Always ask SARS to provide you with copies of all correspondence exchanged between the taxpayer or its advisors and SARS; a full breakdown of the taxpayer’s account which reﬂects any tax liability owing to SARS; any assessments from which any tax liability emanates; any agency notices served on third parties, such as the taxpayer’s bankers; and any judgments taken against the taxpayer.
One of the new provisions in the TAA, is to protect a taxpayer in the event of an audit. SARS must now advise a taxpayer on the progress and status of an audit conducted. Section 99 of the TAA states that SARS may not issue an assessment, three years aﬅer the date of assessment of an original assessment. However, in the event of fraud, misrepresentation or non-disclosure of material facts by the taxpayer, then the 3 year rule does not apply. SARS must prove that there was such fraud, mispresentation or non-disclosure, and that this fraud etc. resulted in the under-assessment of taxes.
Normally such an audit by SARS leads to the issue of an assessment (or additional assessment) by SARS. Where the audit identiﬁes amounts which SARS wishes to be taxed, then SARS must furnish the taxpayer, with the grounds and reasons for these assessments issued, within 21 business days. A taxpayer has the right to object to an assessment. The objection must now be lodged within 30 days of the date of issue of the assessment. An audit can lead to criminal investigations by SARS. Taxpayer’s rights are still protected where a taxpayer faces a criminal investigation. Te TAA Act requires that audits and criminal investigations are separated, ensuring the rights of the accused under the Constitution Act are protected.
The taxpayer still has the ability to manage its exposure to understatement penalties in terms of the TAA.
When it comes to taxpayers rights, you need to know the provisions of the Promotion of Administrative Justice Act 3 of 2000 and the provisions of the Constitution of the Republic of South Africa.
Tax disputes can oﬅen be resolved at Administrative level without incurring the expense of going to Court. Where an appeal to the courts is unavoidable, then assist with legal counsel for your clients.
7. Know your clients business
Today’s business and tax environment is increasingly complex, there are more demands for transparency and tax practitioners are under pressure to be more eﬀective and highly qualiﬁed.
Supply quarterly and annual tax provision calculations to your client. Identify and prioritise key tax risks and assist with controls monitoring and remediation.
Help clients analyse the speciﬁc facts of their business operations, identify various tax regulations and realise the potential beneﬁts that can be attained.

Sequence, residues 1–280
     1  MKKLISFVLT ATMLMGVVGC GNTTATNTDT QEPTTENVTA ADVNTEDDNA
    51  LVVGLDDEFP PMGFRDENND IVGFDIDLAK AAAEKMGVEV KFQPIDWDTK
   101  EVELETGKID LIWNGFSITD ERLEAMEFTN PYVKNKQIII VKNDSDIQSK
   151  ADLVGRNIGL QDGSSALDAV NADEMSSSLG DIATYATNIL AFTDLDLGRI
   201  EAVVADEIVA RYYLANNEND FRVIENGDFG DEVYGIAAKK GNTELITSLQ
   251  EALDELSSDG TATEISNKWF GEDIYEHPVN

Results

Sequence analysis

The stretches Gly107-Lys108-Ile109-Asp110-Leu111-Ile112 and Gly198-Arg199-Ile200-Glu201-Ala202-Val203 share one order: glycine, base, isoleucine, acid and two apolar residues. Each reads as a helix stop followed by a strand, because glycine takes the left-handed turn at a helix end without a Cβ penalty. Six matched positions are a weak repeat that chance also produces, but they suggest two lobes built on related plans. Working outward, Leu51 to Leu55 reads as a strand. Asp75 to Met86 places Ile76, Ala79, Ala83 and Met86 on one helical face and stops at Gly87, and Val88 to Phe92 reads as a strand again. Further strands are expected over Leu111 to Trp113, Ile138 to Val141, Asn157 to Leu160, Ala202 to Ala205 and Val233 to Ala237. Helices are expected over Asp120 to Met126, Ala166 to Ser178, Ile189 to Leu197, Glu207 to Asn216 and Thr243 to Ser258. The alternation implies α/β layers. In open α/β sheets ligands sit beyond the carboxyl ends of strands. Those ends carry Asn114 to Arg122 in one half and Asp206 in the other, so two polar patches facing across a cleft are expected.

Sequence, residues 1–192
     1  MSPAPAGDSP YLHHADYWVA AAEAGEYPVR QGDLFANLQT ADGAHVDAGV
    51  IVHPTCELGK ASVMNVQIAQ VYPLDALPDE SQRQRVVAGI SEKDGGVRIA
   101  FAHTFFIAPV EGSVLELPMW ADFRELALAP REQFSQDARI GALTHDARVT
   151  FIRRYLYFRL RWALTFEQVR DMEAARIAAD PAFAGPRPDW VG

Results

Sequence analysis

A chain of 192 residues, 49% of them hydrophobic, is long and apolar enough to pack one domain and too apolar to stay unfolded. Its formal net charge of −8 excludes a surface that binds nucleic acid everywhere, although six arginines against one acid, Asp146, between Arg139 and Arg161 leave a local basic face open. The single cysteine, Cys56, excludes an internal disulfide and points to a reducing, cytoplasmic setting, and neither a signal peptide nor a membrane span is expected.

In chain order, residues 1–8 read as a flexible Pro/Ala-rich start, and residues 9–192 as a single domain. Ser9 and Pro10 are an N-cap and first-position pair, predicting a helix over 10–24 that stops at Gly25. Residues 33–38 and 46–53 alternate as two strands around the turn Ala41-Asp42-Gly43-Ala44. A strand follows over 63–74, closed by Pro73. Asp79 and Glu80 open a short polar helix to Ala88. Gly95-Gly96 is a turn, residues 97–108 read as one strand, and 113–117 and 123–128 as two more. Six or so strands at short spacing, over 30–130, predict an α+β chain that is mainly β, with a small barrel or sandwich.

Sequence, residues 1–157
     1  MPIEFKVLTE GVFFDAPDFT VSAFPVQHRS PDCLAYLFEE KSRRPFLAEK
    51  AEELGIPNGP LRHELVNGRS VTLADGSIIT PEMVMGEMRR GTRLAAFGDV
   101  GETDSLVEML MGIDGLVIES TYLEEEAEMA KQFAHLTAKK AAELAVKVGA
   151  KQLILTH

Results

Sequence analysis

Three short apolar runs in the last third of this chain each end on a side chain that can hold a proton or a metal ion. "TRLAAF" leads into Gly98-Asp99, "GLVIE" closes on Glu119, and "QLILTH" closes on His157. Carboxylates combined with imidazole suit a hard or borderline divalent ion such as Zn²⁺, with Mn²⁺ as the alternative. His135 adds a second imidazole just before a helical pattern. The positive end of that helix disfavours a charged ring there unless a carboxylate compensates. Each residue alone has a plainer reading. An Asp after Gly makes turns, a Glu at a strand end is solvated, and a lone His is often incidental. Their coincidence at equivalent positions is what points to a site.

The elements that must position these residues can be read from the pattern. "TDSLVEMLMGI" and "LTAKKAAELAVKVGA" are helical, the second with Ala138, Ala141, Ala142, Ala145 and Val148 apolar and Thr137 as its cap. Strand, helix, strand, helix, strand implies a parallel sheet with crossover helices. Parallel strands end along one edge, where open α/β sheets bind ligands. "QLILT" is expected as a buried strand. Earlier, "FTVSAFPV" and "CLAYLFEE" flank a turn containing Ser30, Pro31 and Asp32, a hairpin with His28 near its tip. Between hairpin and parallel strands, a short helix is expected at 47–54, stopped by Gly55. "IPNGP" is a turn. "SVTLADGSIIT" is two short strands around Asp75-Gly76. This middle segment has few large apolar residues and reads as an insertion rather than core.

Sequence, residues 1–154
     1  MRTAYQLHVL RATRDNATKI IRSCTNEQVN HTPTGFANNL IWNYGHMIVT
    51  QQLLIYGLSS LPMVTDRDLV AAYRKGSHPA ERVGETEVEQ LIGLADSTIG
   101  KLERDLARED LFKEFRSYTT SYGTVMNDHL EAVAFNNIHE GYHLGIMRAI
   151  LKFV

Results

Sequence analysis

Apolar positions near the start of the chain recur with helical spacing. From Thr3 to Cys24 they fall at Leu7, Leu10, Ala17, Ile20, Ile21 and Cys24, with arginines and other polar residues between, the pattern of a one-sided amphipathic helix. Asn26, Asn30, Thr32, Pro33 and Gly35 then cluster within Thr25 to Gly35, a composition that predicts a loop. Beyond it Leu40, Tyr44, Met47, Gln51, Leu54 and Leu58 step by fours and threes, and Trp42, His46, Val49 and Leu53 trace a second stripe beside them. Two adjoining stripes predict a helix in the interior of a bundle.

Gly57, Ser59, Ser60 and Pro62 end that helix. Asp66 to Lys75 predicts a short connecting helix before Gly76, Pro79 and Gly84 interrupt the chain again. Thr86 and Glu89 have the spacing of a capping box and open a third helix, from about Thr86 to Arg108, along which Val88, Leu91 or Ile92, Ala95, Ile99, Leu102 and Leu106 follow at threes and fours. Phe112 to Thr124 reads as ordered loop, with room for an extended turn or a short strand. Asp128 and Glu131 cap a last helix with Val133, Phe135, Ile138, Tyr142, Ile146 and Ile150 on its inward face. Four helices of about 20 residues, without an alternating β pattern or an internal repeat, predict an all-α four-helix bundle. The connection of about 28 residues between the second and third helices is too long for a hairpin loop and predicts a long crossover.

Identifying tax incentives associated with your clients qualifying research activities and enhanced deductions for research expenses. Help to streamline ﬁxed asset analysis and identify tax deductions.
8. Evaluate all tax planning strategies
Every transaction has tax implications, whether it’s an acquisition, a disposal, reﬁnancing or restructuring. You must understand and plan for these implications to mitigate transaction risks, enhance opportunities and to provide crucial negotiations insight. This can only be done by not taking decisions in ‘isolation’. Take all the various acts into consideration before making any decision.
Evaluate all tax planning strategies in the light of tax rules, the companies act and various other acts, before making any ﬁnal decisions.
Tax planning oﬀerings can help clients improve cash ﬂow, where appropriate create legal refund opportunities and help plan for tax and eﬀective tax rates in future years.
Regarding VAT and other indirect taxes: Identify risk areas and sustainable planning opportunities for indirect taxes throughout the tax life cycle. Manage your client’s indirect taxes eﬀectively to improve day-to-day reporting for indirect taxes, reducing attribution errors, reducing costs and ensure that indirect taxes are handled correctly. Ensure that your client is VAT compliant by identifying the right methods and accounting systems. Review your clients accounting system regularly.
9. Change mindsets
Some people have a total misperception regarding tax aﬀairs, especially being tax compliant.
We urgently need to correct such thinking of inaccurate information to project the true reality of doing business. Help your client by building strong tax compliance, being transparent, implement eﬀective risk management protocols and a high performing tax function.
10. The big countdown to the regulation of Tax Practitioners
The TAA requires that all tax practitioners register with a recognised controlling body before 1 July 2013. It is a criminal oﬀence not to register with both a recognised controlling body and SARS.
The Act requires that minimum academic and practical requirements be set to register with a controlling body. Make sure you are registered if you still want to practice as a tax practitioner in future.